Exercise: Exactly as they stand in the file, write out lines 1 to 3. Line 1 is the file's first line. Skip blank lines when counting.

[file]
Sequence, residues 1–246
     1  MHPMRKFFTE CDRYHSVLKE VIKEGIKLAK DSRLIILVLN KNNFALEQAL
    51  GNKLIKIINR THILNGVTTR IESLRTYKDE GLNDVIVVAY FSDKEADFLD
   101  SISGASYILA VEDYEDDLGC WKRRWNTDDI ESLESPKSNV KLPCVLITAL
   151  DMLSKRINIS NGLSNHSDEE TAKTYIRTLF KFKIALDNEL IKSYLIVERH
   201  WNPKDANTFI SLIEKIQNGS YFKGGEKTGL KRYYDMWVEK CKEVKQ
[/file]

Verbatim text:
Sequence, residues 1–246
     1  MHPMRKFFTE CDRYHSVLKE VIKEGIKLAK DSRLIILVLN KNNFALEQAL
    51  GNKLIKIINR THILNGVTTR IESLRTYKDE GLNDVIVVAY FSDKEADFLD